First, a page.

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Over a 7-year period in Trinidad, 9,514 birds were examined for avian pox and four species were found infected: the golden-headed manakin, Pipra erythrocephala (7% infected), the white-bearded manakin, Manacus manacus (5%), the violaceous euphonia, Euphonia violacea (1%), and the bare-eyed thrush, Turdus nudigenis (<1%). The elaborate courtship displays of manakins may have a bearing on a “common source” type of infection. The apparently abrupt appearance of the disease at three localities in Trinidad in 1964 perhaps indicates introduction of the virus by migratory birds.
Cotton rats (Sigmodon hispidus) were treated daily with corticosteroids and then inoculated with Keystone virus. Viremia and neutralizing antibody profiles were determined in treated and untreated rats. Compared to untreated rats, the treated rats were substantially more susceptible to infection, and their viremia lasted much longer. This experimental model suggests that stress associated with excess glucocorticoid synthesis within a natural population could cause an increase in transmission of arboviruses. It also suggests that the effects of stress should be considered when experimental laboratory studies are designed.
Newcastle disease virus was isolated from the cloaca of 1-5% of live-trapped waterfowl in Wisconsin in the fall from 1978-1980. Antibody to NDV was detected in 8% of the birds tested, with no apparent difference between sex and age classes. Experimental infection resulted in persistence of virus shedding for months after exposure. Lack of detectable antibody in some of the experimentally infected birds suggests that reported antibody prevalence may not be indicative of the true prevalence of the infection. Isolation of NDV for the last 9 years as well as the detection of antibody in waterfowl over 25 years ago, suggests a well-adapted host-parasite relationship. Experimental evidence of virus persistence in individual mallards (Anas platyrhynchos) provides a mechanism for maintenance of the virus in the wild population.
Salmon poisoning disease (SPD) was experimentally induced in juvenile coyotes (Canis latrans). The disease was lethal in 11 of 12 coyotes within 15 days after inoculation with 1,000 or 4,000 metacercariae of Nanophyetus salmincola. Clinical manifestations of the disease included lymph node enlargement, anorexia, pyrexia, diarrhea and death. Coccoid bodies indistinguishable from rickettsiae were observed in macrophages of spleen, liver, lymph nodes, and duodenum. Percentage recovery of adult trematodes from metacercariae administered was 23% from 12 inoculated coyotes, compared to 13% in one inoculated dog. Juvenile coyotes appear to be highly susceptible to experimental SPD.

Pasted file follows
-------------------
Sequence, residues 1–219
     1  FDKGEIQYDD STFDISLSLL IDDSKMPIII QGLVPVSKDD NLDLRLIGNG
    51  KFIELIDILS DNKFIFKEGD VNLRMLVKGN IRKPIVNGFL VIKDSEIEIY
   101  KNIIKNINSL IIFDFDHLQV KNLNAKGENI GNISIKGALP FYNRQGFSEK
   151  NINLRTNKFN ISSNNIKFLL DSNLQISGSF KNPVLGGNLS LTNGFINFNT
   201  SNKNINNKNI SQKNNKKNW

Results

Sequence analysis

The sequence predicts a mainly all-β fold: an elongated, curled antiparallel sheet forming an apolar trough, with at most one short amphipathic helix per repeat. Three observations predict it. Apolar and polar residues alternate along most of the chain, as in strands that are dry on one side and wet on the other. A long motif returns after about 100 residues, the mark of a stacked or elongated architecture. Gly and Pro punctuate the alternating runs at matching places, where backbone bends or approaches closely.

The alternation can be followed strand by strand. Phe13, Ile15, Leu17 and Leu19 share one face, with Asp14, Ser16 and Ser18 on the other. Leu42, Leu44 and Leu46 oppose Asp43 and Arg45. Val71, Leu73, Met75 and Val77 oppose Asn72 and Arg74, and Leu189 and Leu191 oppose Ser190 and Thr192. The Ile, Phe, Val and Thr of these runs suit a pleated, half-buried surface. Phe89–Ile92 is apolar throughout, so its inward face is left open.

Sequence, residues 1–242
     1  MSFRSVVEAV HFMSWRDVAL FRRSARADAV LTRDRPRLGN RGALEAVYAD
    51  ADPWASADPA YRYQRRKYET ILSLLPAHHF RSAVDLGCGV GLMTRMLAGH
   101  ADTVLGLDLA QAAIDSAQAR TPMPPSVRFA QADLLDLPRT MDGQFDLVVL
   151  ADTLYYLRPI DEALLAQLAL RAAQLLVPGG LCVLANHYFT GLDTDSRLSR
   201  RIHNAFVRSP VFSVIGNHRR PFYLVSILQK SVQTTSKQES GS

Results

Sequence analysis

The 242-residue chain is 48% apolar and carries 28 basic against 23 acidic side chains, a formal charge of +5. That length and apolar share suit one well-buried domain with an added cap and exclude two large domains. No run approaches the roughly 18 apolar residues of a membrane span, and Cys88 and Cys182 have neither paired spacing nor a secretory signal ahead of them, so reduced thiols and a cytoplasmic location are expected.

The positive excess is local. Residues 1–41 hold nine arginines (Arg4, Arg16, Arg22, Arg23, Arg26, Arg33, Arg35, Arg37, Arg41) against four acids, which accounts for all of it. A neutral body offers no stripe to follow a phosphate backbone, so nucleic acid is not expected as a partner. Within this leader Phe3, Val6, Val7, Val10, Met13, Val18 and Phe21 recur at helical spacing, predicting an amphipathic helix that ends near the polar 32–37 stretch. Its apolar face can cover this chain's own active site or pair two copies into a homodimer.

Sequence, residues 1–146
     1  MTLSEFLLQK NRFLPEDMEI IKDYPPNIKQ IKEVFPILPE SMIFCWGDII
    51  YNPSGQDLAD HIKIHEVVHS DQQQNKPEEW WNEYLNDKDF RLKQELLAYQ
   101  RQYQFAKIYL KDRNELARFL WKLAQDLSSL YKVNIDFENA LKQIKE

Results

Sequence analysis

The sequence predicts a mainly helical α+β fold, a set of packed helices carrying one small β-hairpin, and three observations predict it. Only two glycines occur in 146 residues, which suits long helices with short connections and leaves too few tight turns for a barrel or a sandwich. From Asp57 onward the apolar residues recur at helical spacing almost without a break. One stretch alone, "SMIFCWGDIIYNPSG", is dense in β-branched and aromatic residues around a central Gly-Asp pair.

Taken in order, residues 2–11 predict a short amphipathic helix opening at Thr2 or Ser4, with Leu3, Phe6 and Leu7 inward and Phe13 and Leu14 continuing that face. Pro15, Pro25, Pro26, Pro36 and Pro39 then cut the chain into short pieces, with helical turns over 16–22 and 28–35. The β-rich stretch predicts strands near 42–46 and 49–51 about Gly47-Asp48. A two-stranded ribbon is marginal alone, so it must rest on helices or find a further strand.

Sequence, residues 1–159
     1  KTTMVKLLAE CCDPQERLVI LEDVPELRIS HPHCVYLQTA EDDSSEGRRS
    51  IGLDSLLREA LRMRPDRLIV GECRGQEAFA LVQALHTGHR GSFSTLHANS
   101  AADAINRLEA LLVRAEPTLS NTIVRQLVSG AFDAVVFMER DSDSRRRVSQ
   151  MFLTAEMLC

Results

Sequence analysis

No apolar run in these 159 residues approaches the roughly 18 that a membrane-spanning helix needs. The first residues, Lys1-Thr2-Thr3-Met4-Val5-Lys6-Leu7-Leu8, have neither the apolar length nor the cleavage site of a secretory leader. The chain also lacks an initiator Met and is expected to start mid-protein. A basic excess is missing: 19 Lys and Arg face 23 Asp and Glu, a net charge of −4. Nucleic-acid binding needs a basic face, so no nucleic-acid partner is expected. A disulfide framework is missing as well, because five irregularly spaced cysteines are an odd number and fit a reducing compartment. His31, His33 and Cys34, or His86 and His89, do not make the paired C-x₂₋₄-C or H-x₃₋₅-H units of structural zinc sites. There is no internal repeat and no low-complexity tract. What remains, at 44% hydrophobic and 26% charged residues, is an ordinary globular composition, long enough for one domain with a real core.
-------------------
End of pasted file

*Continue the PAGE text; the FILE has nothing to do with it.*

During 1979–1980 acute fibrinopurulent bronchopneumonia resulted in high mortality or total loss of herds of bighorn sheep (Ovis canadensis) in California and Washington. Contact with domestic sheep occurred shortly before the onset of disease in each case. Circumstantial evidence indicated that the apparently healthy domestic sheep transmitted pathogenic bacteria to the bighorns, resulting in mortality. Pasteurella multocida and Corynebacterium pyogenes were isolated from pulmonary tissue of dead bighorns. The presence of domestic sheep may have been an important stress which initiated or compounded the disease.
A system to designate and define isolates of Trichinella spiralis is proposed. The designation gives the host from which the isolate was recovered, geographic origin, and year of recovery. Isolates of T. spiralis recovered from frozen muscles from four species of wild carnivores had low and different infectivity to laboratory mice. Viable larvae of T. spiralis were obtained from muscle samples of marten, wolverine, polar bear and arctic fox which had been frozen for 5, 6, 12 and 14 mo, respectively.
Loggerhead sea turtles (Caretta caretta) from the Atlantic seaboard (Florida to Massachusetts) were examined at the Marine Pathology Laboratory, University of Rhode Island, from March through December, 1980. Three genera of blood flukes (spirorchids) were found in 14 (33%) of the 43 turtles. Gross signs in heavily infected animals included cachexia, anemia and enteritis. Histopathological lesions were similar to those present in homeotherms with schistosomiasis. Granulomatous gastritis, enteritis, hepatitis, pneumonitis, and nephritis were present. Acute and chronic vasculitis accompanied metastasis of eggs. Infected animals had severe hepatic hemosiderosis, indicative of the anemia observed grossly. Evidence is presented that spirorchidiasis is prevalent in sub-adult loggerhead sea turtles, is responsible for extensive lesions and may be responsible for significant debilitation and mortality.